That may not be what community members want to hear, but they will accept it from a developer who listened to their concerns and considered their input. One of the worst mistakes a developer can make is promising something—whether overtly or implicitly—that it cannot deliver.
In dealing with government, community support is important, but so is being able to move quickly and smoothly through whatever approval process is required. But government officials, whether they be staff members in the Buildings Department or members of City Councils, often misunderstand the nuances of the development process.
RIDC has the advantage of a long track record, non-profit status and a history of projects that are environmentally and economically sustainable. So, while some may not fully understand a project’s finances or how it impacts our overall balance sheet, at least they know that financial self-interest isn’t driving our executive team’s decisions. Still, many of our lessons learned apply to for-profit developers as well as non-profits, to newer entities as well as more established ones.
Growing cities can tend to be more skeptical about development, and approach project proposals with the mindset that they can make unbridled demands because developers are making a profit and if one developer won’t do it, another will. That mentality can snowball into outsized expectations, driving up costs and slowing down development with red tape, sometimes even killing job-creating projects that would benefit the region.
There is sometimes an expectation that developers should shoulder the burden of solving community needs like traffic control, parking and infrastructure, or creation of affordable housing. They fail to recognize that developers already do their share by paying property taxes and impact fees, and that the companies that ultimately occupy a revitalized property will also pay taxes, as will their employees.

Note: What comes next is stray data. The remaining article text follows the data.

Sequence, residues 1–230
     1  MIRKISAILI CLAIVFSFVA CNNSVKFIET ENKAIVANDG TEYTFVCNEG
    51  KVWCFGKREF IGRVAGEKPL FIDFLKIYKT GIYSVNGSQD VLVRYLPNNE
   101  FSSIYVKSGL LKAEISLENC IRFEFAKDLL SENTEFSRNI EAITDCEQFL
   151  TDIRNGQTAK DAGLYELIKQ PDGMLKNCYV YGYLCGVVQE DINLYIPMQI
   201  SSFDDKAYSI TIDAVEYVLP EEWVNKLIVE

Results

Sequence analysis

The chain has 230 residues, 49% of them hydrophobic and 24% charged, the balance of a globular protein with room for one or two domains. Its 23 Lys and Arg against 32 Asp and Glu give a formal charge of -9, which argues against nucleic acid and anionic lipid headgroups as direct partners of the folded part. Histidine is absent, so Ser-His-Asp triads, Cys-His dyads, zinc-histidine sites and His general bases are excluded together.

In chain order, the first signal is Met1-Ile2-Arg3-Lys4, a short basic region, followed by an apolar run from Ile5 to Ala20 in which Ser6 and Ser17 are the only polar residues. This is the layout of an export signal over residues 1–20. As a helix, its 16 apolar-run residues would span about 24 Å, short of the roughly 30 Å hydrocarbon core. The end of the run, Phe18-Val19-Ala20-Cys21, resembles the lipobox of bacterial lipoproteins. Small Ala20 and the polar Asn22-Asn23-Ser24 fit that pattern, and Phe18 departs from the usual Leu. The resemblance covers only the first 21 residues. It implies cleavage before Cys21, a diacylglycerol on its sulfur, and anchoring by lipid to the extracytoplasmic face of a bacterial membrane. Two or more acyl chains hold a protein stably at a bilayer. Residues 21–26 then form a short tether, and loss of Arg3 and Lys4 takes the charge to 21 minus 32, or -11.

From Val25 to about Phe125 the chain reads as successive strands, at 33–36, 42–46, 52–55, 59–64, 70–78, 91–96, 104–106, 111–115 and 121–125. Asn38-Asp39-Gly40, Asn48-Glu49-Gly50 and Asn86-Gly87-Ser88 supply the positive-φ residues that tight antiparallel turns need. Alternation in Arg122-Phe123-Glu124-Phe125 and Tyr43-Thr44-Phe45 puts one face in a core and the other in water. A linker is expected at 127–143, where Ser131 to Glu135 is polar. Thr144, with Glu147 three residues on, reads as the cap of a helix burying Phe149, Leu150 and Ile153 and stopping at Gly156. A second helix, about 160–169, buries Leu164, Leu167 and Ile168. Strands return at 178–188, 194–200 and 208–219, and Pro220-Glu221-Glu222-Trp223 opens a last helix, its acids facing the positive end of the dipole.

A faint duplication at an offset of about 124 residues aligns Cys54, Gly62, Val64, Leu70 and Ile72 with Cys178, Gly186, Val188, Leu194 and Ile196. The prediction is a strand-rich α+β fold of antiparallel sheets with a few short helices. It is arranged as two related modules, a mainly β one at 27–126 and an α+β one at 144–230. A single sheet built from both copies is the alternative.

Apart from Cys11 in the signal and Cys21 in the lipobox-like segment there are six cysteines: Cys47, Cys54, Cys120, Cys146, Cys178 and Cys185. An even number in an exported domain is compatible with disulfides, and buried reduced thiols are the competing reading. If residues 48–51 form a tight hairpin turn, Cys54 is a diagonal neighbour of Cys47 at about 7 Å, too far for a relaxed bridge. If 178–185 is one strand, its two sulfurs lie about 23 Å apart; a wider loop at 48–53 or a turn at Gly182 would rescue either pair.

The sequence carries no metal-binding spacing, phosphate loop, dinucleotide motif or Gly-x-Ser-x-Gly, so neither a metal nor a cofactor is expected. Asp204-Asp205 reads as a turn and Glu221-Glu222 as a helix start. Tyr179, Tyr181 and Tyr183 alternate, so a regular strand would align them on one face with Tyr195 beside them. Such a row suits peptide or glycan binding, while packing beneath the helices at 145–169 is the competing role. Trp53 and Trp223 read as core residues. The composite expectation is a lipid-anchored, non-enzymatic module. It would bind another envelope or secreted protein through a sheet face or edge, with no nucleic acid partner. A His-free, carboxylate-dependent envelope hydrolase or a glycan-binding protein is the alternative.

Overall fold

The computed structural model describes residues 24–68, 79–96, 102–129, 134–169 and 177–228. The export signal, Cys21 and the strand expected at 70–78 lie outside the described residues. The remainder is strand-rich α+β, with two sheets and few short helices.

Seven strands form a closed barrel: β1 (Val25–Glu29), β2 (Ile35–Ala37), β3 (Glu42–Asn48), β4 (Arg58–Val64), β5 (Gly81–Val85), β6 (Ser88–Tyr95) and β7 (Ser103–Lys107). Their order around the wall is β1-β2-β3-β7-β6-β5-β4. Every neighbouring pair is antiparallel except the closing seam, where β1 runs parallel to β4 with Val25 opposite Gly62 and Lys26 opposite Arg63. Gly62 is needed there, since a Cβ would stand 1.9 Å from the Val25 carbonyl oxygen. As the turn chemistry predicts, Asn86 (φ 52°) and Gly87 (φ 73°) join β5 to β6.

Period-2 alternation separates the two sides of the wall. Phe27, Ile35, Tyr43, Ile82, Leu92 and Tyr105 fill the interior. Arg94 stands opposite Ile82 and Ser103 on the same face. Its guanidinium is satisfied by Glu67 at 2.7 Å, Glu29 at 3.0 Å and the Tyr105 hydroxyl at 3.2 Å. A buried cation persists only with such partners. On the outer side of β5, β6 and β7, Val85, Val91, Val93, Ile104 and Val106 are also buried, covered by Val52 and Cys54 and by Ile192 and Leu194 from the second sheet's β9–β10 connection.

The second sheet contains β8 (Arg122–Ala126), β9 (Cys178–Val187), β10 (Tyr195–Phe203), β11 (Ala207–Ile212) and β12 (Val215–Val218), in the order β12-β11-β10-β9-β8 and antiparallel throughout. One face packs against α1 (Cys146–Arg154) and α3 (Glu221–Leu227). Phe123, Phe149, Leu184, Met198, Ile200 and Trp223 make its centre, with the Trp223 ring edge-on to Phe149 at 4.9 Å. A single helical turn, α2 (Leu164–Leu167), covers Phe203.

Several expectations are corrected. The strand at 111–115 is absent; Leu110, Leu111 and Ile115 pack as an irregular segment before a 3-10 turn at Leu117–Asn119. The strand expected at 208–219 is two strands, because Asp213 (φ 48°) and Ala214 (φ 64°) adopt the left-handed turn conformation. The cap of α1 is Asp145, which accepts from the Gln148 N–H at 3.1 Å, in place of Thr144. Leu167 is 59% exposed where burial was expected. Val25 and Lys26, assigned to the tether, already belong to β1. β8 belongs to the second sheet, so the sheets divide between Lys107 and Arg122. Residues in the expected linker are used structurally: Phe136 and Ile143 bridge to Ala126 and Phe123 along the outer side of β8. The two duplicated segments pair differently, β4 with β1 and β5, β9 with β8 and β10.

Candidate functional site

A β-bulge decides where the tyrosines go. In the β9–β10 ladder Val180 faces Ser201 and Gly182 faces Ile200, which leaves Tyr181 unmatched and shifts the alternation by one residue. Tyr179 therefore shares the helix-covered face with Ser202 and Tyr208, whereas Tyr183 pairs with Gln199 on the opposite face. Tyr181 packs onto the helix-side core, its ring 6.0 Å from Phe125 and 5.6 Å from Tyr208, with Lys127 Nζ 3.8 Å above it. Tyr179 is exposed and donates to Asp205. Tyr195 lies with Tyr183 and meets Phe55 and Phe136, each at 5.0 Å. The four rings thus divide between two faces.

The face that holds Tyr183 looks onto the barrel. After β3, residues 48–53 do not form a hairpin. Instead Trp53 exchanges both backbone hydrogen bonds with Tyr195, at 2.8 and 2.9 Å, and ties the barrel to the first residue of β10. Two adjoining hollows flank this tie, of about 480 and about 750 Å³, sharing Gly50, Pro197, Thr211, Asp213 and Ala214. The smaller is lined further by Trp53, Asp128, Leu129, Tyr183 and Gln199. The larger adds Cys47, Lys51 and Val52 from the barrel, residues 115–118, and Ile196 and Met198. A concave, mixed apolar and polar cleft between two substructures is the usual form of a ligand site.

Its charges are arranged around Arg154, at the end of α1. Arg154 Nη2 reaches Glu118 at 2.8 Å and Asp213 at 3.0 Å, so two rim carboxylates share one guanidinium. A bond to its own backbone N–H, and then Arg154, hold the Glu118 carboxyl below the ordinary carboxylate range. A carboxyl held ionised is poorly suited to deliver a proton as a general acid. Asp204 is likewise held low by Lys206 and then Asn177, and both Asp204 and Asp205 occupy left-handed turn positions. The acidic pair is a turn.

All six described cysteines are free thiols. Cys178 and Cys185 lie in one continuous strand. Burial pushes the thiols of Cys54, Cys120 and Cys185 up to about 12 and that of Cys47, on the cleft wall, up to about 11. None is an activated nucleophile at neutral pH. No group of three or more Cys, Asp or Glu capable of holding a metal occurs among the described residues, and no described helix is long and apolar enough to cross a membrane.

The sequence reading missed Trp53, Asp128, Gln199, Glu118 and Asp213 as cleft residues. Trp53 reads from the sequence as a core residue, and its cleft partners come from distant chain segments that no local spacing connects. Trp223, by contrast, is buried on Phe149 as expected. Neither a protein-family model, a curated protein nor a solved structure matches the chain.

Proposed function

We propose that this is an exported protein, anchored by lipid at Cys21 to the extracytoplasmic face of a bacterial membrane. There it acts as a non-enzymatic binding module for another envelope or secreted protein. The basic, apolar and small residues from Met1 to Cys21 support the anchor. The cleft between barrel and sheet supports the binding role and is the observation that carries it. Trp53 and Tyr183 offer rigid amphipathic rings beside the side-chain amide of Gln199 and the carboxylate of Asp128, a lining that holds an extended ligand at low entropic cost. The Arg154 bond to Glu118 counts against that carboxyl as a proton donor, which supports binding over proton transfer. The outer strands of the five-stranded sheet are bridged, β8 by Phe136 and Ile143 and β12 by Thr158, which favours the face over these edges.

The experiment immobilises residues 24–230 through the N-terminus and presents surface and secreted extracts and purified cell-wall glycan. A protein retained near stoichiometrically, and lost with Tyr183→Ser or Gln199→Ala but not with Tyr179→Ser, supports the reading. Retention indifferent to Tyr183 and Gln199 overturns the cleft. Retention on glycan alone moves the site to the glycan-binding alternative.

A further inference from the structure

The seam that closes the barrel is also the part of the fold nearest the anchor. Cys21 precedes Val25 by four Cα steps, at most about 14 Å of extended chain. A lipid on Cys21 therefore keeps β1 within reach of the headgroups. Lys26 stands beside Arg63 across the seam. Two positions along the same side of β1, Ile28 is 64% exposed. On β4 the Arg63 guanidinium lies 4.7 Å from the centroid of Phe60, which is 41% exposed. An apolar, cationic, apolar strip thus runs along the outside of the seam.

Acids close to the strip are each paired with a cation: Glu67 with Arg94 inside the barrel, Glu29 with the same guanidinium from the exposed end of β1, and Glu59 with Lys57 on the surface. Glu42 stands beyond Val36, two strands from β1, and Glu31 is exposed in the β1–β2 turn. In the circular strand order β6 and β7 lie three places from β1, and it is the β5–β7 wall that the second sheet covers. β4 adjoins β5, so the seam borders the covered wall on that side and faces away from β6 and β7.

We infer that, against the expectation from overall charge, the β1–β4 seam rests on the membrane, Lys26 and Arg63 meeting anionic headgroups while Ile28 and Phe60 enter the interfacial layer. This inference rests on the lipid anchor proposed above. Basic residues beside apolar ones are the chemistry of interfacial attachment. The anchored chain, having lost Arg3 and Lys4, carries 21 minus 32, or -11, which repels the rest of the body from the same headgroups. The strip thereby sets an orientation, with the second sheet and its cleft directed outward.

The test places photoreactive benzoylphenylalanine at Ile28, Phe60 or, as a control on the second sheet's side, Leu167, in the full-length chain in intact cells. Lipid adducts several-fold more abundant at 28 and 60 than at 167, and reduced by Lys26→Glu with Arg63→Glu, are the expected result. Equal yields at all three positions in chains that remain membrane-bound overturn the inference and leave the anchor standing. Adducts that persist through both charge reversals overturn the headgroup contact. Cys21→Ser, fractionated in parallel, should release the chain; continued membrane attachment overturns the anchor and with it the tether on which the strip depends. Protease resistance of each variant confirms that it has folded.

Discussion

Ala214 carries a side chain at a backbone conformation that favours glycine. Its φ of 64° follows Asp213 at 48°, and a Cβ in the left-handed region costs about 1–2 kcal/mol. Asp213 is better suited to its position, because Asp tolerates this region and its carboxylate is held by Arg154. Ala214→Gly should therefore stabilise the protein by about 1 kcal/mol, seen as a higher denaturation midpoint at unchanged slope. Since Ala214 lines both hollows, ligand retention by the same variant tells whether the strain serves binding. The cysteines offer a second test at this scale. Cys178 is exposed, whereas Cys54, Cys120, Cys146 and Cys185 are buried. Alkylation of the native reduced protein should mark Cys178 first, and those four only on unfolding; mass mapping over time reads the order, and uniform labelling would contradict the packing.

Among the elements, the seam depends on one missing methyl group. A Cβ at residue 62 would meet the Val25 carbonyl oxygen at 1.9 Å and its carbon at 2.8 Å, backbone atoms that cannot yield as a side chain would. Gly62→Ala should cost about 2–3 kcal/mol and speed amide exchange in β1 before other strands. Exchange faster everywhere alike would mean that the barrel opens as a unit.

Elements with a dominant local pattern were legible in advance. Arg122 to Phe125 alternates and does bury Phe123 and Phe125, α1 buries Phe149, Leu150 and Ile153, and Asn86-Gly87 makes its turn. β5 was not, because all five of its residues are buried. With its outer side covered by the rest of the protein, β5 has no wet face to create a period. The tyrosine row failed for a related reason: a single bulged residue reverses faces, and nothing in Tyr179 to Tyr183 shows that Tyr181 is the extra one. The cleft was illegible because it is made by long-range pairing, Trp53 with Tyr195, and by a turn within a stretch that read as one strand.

That’s on top of the transformative effect a large project can have in stimulating other development nearby—all of which generates tax dollars. Solving public issues like poverty and urban decay should be issues for the public sector (government)—not opportunities to hold projects hostage unless developers agree to fund these initiatives.
Cities need to help shoulder that burden through incentives, supportive regulations, and identifying and securing sources of funding that encourage developers to invest in the region. But when that’s not the case, developers should keep in mind that the best way to counter negative stories about the project is with hard data on its impacts. And when government officials or community organizations remain unrealistic, go directly to the community, with town hall meetings and other forums that lay out the project plans, gauge reaction and support the people who actually live in the community and are going to be most affected.
When developers sit down with communities, include them in their plans, explain their processes and present well-thought out research, reasonable people often end up on the same page. That paves the way forward and earns developers a reputation as good partners, who are interested not only in making a profit, but in creating projects that reflect the community's needs and provide the best results possible for the surrounding area.
Donald F. Smith, Jr., Ph.D., is president of the Regional Industrial Development Corp. of Southwestern Pennsylvania (RIDC).